No, I don’t dissent from the _proposition_ that it is not racist to worry about immigration, so there is no such implication. However articles entitled “It’s not racist to worry about immigration” in right-wing newspapers are typically attempts to legimize pub rants about how “they” are “swamping” us (and similar).


Chris Bertram 06.01.07 at 9:34 am

Chris, I think you underestimate the strength of the Frank Field arguments against immigration

I may or may not underestimate the strength of Frank Field’s arguments, but I’m not sure how you can tell, since I don’t address them here.


ejh 06.01.07 at 9:40 am

that it threatens the welfare state by making it seem unfair to the poor whose promised benefits go to other people

And yet it is curious how often political attacks on immigration go hand in hand with political attacks on welfare.


Alex 06.01.07 at 9:48 am

Bi: Not trying to be rude here, but I’m really having trouble understanding your last post. Could you explain it?


Aidan Kehoe 06.01.07 at 9:55 am

And yet it is curious how often political attacks on immigration go hand in hand with political attacks on welfare.

Depends where you are. IIRC some of the less laughable opposition to immigration in the Republic of Ireland in the last decade or so came from the trade unions, who tended to be concurrently for benefits.


bi 06.01.07 at 1:54 pm

Alex: to put it simply, I agree with you.


Alex 06.01.07 at 2:10 pm

Ah, okay. I understand stuff.


Michael Mouse 06.01.07 at 3:04 pm

the UK (243 /km²) comes in behind rather a lot of places

… as does England at 388 /km². It’s hard to see how you can come up with “fourth” on that data. Even if you extend “ignoring city-states” and “ignoring other non-sovereign states” by adding “ignoring countries with less than ten million residents” – on no basis I can reasonably imagine – you’re still left with Bangladesh, Taiwan, South Korea and the Netherlands ahead of England.


roy belmont 06.01.07 at 8:46 pm

The great apes are leaving, being thrown overboard. Mangrove swamps, key elements of much essential life-source, are being replaced by shrimp farms, oceans replacing fish with plastic trash, and ethanol/grain production as alternative to burning fossil fuel, which is pushing weather cycles out of balance, threatens all of the above and more.
Immigration is really about population numbers, not race or even economics though they color it and give it names – it’s about numerical increase by “other”. And that’s the last taboo before the big throwdown.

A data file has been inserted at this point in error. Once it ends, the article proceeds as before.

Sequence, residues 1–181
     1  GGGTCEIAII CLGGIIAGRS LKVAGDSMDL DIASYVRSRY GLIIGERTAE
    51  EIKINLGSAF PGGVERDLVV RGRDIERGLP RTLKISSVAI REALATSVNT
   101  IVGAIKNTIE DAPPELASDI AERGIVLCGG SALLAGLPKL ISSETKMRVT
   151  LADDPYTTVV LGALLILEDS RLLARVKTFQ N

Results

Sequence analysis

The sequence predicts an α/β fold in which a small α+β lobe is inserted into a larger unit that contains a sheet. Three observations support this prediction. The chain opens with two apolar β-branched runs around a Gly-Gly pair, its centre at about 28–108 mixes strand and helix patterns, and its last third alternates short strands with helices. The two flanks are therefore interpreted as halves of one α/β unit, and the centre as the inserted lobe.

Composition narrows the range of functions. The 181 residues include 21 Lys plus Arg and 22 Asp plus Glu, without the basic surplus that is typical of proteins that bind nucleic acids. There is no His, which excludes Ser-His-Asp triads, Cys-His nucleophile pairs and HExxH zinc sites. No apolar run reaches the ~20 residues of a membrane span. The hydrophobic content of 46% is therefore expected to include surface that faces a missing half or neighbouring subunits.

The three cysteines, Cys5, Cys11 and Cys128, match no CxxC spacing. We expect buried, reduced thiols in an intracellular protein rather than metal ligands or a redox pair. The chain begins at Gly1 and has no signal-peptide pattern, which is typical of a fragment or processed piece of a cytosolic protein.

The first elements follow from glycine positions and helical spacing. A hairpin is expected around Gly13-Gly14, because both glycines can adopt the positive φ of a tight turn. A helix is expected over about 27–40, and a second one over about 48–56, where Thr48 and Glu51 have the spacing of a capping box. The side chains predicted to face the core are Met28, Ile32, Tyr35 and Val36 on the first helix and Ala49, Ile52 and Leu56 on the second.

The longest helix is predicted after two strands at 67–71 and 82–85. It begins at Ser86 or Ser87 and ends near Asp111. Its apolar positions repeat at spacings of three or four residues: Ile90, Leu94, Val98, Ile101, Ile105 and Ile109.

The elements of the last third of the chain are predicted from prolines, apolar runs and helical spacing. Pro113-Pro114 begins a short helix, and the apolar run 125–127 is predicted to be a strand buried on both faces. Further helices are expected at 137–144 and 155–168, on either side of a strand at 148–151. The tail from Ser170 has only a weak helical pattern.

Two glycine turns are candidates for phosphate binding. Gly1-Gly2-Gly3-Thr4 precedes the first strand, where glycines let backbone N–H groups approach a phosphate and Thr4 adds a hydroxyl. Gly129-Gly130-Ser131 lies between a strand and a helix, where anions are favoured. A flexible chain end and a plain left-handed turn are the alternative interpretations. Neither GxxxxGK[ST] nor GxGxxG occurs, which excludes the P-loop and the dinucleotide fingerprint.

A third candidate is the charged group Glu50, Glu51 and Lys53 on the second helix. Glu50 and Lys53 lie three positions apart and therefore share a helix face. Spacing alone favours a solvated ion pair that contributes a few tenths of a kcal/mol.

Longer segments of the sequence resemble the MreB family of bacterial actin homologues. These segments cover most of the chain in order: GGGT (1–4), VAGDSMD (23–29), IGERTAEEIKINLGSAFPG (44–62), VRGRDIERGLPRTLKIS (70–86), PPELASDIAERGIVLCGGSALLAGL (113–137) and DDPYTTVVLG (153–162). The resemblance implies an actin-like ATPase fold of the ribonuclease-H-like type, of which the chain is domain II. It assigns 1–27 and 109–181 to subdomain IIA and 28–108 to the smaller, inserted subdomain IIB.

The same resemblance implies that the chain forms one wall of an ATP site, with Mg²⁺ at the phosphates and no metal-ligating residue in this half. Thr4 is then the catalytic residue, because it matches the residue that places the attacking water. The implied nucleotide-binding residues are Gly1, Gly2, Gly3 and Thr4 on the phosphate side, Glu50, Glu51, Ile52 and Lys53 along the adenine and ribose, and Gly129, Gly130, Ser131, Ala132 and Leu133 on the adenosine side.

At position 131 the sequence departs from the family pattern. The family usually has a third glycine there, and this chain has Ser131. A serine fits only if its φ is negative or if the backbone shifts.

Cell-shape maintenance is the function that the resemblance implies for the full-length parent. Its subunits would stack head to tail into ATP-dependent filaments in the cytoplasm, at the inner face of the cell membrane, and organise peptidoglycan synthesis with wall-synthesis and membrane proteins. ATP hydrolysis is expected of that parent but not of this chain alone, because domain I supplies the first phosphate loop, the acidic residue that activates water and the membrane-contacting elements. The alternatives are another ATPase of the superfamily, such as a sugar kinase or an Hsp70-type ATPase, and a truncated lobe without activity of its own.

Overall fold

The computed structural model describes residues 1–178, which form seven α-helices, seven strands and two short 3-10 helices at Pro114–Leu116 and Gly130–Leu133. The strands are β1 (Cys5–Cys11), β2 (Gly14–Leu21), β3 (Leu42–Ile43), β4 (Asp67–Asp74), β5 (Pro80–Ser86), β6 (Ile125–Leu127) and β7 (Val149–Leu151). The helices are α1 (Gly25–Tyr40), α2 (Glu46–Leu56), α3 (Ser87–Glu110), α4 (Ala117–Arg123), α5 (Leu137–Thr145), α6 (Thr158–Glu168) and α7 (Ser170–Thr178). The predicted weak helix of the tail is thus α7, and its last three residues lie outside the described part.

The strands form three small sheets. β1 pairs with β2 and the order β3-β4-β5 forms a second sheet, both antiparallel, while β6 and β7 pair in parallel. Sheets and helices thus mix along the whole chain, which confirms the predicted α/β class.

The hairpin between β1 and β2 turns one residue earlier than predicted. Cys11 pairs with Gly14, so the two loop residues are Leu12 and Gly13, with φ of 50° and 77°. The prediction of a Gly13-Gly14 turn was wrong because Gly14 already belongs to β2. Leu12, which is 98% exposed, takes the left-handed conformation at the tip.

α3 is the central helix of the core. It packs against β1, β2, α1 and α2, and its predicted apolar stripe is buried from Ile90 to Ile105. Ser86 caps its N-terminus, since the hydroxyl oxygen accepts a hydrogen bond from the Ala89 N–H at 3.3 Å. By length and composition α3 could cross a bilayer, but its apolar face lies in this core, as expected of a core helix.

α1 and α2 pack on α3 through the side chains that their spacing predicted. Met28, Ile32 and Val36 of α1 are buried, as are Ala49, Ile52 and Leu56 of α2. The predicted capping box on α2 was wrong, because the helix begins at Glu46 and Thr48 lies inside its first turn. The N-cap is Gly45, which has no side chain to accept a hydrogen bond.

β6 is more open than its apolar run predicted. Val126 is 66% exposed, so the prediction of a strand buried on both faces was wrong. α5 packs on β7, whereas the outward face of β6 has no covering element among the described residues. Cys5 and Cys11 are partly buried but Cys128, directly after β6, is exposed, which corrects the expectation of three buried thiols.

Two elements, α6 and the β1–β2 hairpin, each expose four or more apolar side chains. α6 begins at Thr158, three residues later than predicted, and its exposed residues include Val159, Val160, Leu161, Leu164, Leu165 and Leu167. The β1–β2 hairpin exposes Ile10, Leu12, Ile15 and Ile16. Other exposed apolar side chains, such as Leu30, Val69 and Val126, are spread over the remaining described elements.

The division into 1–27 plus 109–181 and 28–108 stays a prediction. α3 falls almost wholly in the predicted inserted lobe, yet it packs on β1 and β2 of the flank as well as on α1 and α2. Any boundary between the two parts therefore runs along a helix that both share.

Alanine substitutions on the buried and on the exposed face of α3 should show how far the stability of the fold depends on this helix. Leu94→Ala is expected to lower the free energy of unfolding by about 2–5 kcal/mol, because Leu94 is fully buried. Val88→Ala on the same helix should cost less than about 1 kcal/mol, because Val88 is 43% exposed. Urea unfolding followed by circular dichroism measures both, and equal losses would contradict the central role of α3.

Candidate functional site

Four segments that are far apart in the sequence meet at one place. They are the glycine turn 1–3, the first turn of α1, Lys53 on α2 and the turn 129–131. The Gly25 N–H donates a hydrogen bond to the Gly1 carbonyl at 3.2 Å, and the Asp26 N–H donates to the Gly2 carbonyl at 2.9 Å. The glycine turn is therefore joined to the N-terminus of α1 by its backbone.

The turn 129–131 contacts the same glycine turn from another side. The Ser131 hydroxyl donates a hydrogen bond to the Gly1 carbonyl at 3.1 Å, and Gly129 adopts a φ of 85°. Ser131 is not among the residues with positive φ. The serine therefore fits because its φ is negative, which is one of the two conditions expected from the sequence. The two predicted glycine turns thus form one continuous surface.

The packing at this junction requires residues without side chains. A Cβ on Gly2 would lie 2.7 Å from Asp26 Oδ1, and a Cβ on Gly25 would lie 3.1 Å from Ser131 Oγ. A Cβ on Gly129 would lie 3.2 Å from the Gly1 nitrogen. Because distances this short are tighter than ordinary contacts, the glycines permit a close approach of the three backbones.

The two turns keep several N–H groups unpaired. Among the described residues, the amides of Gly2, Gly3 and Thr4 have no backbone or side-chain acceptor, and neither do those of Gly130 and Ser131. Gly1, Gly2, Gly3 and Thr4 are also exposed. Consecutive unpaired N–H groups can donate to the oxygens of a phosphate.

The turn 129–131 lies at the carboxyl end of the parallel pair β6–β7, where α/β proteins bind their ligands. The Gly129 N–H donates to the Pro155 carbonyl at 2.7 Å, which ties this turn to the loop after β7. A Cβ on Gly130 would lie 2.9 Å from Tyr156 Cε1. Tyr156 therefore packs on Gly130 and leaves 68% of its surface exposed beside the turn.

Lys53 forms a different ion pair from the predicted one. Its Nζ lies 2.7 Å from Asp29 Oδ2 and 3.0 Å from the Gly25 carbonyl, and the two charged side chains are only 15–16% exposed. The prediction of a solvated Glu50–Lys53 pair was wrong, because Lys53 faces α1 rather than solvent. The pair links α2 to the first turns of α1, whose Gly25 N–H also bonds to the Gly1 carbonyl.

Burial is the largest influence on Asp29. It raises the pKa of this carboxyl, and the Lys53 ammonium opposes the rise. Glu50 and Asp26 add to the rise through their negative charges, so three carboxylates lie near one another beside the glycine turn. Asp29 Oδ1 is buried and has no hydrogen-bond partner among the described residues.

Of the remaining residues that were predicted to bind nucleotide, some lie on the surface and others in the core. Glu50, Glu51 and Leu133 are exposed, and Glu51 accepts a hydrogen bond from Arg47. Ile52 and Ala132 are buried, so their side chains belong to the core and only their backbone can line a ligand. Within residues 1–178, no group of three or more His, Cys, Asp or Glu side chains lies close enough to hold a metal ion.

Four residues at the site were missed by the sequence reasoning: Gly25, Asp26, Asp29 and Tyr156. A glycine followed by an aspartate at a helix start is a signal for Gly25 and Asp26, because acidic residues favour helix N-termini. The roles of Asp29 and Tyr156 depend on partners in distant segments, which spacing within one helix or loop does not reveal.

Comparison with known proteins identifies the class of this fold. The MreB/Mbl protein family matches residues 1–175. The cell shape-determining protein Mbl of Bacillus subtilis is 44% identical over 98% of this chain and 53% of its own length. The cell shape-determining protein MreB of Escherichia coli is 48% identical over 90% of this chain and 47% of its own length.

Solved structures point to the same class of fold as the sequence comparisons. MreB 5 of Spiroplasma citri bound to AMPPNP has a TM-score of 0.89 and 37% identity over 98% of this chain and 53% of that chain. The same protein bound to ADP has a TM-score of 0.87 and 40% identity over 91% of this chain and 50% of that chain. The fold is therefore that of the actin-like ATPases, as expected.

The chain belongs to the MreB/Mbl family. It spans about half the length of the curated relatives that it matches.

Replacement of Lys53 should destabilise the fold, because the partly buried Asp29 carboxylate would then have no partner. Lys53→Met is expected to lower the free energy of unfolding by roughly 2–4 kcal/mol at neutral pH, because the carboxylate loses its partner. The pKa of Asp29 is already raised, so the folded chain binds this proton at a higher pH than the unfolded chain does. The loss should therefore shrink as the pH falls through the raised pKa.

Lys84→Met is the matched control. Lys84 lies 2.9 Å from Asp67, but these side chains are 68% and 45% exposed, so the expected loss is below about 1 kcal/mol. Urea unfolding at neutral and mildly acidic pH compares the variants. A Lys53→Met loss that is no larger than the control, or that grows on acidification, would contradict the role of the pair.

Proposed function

All these problems will be resolved by a big reduction in human population numbers, but no one competent wants the responsibility for it.
Crowdedness, lack of resources, etc. are about too many people, pretending it’s about too many people coming to where you are is weak. Too many people here – for the way we live not where. No one wants to change the way they live if they’re comfortable, and no one wants to take responsibility for reducing the population. So we get snivelling and bickering and whining and statistical misdirection.


bi 06.01.07 at 8:53 pm

As Alex points out, crowdedness is about having too many non-whites.


abb1 06.01.07 at 9:11 pm

Yeah. After reading this O’Reilly – McCain transcript, maybe it is mostly racist, after all.


novakant 06.02.07 at 12:42 am

this is fun, little did I know that the population density in Kensington and Chelsea is, wait for it:


last time I went there, they seemed to be doing just fine; that said, London is a tad crowded


dr ngo 06.02.07 at 5:02 am

you’re still left with Bangladesh, Taiwan, South Korea and the Netherlands ahead of England.

Ah, but Taiwan isn’t a proper “country,” as anyone who has lived under the shadow of China for a while (I spent 18 years in Hongkong) will tell you. (And, BTW, the status of Taiwan and HK explain why NIC’s – Newly Industrializing Countries – had to become NIE’s – Newly Industrializing Economies – in the jargon.) So let’s hear it from England now: “We’re Number Four! We’re Number Four!”

BTW, was anyone else who linked to the chart provided dumbfounded by the realization that Ruwanda (!) is roughly as densely populated as Belgium? I still can’t wrap my mind around that, although possibly everyone else knew already.


Craigers 06.04.07 at 1:28 pm

the realization that Ruwanda (sic) is roughly as densely populated as Belgium

Rwanda, however, is a great deal more crowded from a practical sense, since (1) a very large part of the population is engaged in subsistence agriculture, with consequently much greater land requirements; and (2) a good part of the country is covered in volcanoes and other mountains, a problem that Belgium (to say the least :) does not have.

From the point of view of the ability to absorb population increase, Rwanda is one of the world’s most crowded countries if not the most crowded. (If you ignore the city-states)